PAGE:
4.27.1 - Charge: Alibi

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Note: This direction is designed for cases where the judge needs to direct the jury about both the risk of the jury reversing the onus of proof and the risk of treating the rejection of an alibi a basis for a conclusion of guilt. If the jury could use rejection of an alibi as evidence of incriminating conduct, this direction must be modified and further directions given in accordance with Jury Directions Act 2015 Part 4, Division 1.

I am now going to turn to the evidence on NOA’s movements.

You heard evidence from [identify alibi witnesses] that, at the time of the alleged offending, NOA was [identify alibi]. Lawyers refer to this evidence as an alibi.

There are two directions you must follow about this alibi evidence.

First, you must remember that the prosecution bears the burden of proving NOA’s guilt and alibi evidence does not change this. The defence does not have to prove the accused was elsewhere at the time of the alleged offending. The prosecution must prove the accused committed the offence and that the alibi does not cause you to have a reasonable doubt. In other words, the prosecution must eliminate any reasonable possibility that the alibi is true.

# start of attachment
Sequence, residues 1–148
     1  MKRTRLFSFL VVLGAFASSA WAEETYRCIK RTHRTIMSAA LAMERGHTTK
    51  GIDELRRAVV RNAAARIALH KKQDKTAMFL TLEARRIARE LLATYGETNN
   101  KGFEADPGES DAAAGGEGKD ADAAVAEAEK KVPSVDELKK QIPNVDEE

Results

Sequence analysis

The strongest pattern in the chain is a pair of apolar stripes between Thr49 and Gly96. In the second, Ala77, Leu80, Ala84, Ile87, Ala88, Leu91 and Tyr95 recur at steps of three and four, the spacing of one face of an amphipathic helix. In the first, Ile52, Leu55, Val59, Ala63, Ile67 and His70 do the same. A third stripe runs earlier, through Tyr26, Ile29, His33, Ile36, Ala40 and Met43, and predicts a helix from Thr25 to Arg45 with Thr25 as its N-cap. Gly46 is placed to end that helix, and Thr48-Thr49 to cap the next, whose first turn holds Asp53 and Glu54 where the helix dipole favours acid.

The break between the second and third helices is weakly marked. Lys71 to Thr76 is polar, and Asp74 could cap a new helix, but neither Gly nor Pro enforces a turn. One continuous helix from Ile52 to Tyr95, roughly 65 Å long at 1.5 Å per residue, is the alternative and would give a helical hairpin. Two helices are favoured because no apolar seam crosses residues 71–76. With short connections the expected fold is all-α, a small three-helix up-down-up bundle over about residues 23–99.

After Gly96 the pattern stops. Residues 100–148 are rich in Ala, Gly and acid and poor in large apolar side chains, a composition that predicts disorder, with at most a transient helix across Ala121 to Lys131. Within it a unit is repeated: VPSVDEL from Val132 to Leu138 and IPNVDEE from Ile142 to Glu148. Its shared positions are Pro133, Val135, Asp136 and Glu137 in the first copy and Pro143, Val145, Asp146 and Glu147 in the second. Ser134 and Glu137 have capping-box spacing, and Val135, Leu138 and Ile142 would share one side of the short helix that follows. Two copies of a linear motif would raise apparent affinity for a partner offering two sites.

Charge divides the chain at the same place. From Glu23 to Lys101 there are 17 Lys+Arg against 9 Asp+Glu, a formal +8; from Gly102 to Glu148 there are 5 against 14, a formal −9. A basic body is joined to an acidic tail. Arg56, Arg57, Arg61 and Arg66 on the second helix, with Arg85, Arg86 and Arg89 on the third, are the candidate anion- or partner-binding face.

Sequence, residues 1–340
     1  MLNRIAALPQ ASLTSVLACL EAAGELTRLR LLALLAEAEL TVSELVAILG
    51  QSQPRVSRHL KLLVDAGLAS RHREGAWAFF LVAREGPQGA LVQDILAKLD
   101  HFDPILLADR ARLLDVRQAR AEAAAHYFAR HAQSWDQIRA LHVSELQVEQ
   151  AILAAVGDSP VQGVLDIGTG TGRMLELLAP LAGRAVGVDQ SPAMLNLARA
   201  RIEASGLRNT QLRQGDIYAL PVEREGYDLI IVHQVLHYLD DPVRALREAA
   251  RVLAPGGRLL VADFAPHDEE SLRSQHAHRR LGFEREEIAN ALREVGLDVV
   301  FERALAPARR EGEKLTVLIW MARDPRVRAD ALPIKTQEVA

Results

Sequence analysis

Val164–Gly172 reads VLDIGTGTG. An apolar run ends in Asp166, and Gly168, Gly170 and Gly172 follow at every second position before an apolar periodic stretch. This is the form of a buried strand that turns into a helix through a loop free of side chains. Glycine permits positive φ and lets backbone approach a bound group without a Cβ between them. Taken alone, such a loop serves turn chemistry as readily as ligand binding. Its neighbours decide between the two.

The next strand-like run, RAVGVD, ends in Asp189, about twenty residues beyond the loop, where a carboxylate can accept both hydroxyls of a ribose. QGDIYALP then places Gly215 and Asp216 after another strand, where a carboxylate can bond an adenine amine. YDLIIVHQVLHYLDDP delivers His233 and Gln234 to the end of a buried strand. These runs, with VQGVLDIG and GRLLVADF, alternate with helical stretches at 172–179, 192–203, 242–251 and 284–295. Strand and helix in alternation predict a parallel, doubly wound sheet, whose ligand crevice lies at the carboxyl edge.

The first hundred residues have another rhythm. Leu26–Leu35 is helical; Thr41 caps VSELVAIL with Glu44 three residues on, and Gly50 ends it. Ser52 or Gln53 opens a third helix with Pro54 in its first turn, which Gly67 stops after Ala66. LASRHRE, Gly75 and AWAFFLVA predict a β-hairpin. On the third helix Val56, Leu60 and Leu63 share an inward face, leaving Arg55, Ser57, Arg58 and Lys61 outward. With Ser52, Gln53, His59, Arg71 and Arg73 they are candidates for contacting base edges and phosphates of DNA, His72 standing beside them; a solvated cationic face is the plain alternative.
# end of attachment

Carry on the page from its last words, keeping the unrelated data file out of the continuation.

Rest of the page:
Second, if you reject the alibi evidence, that does not mean the accused is guilty. Rejecting an alibi does not add to the prosecution’s case. It merely removes one barrier to you being satisfied the prosecution has proved the accused’s guilt beyond reasonable doubt.

The prosecution must still satisfy you beyond reasonable doubt of each and every element of the offence charged. Rejection of the alibi will not fill any gaps in the prosecution’s case. If you are satisfied beyond reasonable doubt that the alibi evidence should be rejected, put it aside, then ask yourselves am I satisfied beyond reasonable doubt that the elements of the offence are proved. If the answer is no, you must acquit the accused.[1]

[Refer to relevant evidence and arguments about the alibi evidence]

Last updated: 25 November 2019

Notes

[1] - If the jury can use rejection of an alibi as incriminating post offence conduct, this paragraph should be modified or omitted.

See Also

4.27 - Alibi